Incorporating failures of System Protection Schemes into power system operation

Jose L. Calvo, Simon H. Tindemans*, Goran Strbac

*Corresponding author for this work

Research output: Contribution to journalArticleScientificpeer-review

14 Citations (Scopus)


The power transfer capability of existing transmission networks can be enhanced through the use of automated system protection schemes (SPS), which rapidly respond to disturbances on the network to keep the system's variables within operational bounds. However, reliance on such schemes may expose the network to large impacts-including blackouts-if the SPS does not respond as designed, so the deployment of SPS should balance risks and benefits. This paper formulates a risk-based cost-benefit framework that allows the operator to strike an optimal balance between constraint costs and risks of demand curtailment due to malfunctioning SPS. It is applied to a simple 4-bus power system inspired by the GB network, for which an exact optimisation problem can be formulated. A component-based dependability model is developed for the SPS to determine its failure modes and associated probabilities. The resulting cost-minimisation problem is solved for a range of operating conditions and SPS reliability levels. The results consistently show cost savings from the use of an SPS, even if it is highly unreliable, when a hedging strategy may be used. The optimal solution is highly sensitive to the problem parameters, but it is demonstrated that optimal operational strategies are associated with particular SPS outcomes. This finding may be used as empirical guidance to develop operational strategies for complex networks with unreliable SPS.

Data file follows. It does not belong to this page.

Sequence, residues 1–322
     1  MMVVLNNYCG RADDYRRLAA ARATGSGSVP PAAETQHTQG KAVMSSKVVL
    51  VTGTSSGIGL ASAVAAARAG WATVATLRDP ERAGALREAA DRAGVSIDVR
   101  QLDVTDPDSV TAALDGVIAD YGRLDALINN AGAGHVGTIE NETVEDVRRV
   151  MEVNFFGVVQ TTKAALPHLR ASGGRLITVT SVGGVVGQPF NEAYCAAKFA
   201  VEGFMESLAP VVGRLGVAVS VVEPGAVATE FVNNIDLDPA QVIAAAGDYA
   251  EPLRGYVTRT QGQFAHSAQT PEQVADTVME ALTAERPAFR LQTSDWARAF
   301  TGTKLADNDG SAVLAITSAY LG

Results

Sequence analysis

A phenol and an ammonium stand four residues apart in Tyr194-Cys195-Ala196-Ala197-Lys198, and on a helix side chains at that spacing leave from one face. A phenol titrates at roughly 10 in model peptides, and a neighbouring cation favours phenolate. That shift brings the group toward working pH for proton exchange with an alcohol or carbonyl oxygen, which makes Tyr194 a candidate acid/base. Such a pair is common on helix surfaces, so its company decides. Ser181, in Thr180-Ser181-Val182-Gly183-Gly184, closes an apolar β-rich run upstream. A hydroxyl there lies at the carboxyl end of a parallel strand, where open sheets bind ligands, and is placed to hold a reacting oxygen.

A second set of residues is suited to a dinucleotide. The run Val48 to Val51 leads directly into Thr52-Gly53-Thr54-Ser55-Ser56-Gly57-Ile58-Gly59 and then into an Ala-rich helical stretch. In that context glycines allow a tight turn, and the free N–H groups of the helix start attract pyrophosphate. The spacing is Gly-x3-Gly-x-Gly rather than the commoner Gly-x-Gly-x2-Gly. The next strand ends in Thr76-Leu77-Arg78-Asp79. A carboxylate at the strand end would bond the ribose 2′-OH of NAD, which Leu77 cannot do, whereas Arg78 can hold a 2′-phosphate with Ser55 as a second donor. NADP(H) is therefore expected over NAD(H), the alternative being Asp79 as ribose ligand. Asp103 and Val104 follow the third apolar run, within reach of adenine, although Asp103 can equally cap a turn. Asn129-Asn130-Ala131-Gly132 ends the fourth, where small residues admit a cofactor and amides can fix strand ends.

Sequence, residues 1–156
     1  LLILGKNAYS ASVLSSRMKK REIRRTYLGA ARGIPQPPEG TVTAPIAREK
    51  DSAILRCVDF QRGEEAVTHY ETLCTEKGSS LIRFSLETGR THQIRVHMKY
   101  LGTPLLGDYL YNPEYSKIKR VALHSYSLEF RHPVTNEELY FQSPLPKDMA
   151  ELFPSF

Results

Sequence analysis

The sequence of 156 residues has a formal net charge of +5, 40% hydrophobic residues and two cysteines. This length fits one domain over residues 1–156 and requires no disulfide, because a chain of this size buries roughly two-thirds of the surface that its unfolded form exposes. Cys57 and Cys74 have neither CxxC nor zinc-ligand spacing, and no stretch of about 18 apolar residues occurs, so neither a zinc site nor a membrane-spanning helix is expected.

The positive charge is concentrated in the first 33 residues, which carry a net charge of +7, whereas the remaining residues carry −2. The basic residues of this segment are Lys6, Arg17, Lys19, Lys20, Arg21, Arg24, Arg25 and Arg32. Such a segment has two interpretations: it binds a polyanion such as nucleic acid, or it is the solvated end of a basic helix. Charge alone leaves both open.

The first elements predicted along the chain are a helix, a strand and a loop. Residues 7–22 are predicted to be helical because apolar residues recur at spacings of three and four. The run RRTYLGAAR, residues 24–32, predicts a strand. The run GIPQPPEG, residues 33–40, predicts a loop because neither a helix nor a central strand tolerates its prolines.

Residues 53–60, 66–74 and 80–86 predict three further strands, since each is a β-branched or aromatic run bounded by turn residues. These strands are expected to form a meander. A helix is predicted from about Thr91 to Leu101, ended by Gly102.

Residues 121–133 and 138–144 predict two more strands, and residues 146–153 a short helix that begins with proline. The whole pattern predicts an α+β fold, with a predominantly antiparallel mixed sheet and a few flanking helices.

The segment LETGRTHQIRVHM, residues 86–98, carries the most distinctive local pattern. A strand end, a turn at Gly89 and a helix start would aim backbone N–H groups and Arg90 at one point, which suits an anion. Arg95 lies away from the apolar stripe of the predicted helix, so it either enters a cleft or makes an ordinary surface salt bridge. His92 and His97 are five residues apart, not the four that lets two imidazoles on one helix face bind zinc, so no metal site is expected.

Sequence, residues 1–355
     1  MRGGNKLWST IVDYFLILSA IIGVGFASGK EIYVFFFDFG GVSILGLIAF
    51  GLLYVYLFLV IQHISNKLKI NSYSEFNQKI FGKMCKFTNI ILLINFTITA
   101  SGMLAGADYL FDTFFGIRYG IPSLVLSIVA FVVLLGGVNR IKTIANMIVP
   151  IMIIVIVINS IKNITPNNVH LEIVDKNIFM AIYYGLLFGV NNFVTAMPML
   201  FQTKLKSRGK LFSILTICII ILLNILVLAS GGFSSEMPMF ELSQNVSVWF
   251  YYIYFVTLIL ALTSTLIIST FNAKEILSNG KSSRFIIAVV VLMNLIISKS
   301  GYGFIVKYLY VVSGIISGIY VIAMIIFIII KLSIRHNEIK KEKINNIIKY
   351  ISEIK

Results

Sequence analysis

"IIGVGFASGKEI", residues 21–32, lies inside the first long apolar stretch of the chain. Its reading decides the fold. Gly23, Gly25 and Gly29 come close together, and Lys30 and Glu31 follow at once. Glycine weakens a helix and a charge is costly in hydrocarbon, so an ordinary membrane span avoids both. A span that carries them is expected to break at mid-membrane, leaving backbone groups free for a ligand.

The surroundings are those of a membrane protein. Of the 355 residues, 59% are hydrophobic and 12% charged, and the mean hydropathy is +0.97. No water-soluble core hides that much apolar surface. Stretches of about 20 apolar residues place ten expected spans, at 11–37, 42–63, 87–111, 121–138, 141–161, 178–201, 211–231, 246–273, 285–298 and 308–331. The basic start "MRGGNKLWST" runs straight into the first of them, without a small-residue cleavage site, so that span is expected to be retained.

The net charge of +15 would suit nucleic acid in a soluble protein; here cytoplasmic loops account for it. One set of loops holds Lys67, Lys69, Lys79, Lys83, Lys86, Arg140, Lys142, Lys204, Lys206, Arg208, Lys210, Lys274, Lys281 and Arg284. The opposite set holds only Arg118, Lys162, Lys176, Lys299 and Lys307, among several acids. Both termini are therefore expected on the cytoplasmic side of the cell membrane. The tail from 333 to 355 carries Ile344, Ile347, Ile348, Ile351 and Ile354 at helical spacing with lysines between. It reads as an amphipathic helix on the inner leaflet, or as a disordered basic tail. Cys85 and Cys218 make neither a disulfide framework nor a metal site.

Original languageEnglish
Pages (from-to)98-110
Number of pages13
JournalSustainable Energy, Grids and Networks
Publication statusPublished - 1 Dec 2016
Externally publishedYes


  • Corrective security
  • Cost-benefit analysis
  • Cyber-physical systems
  • Risk assessment
  • System protection schemes


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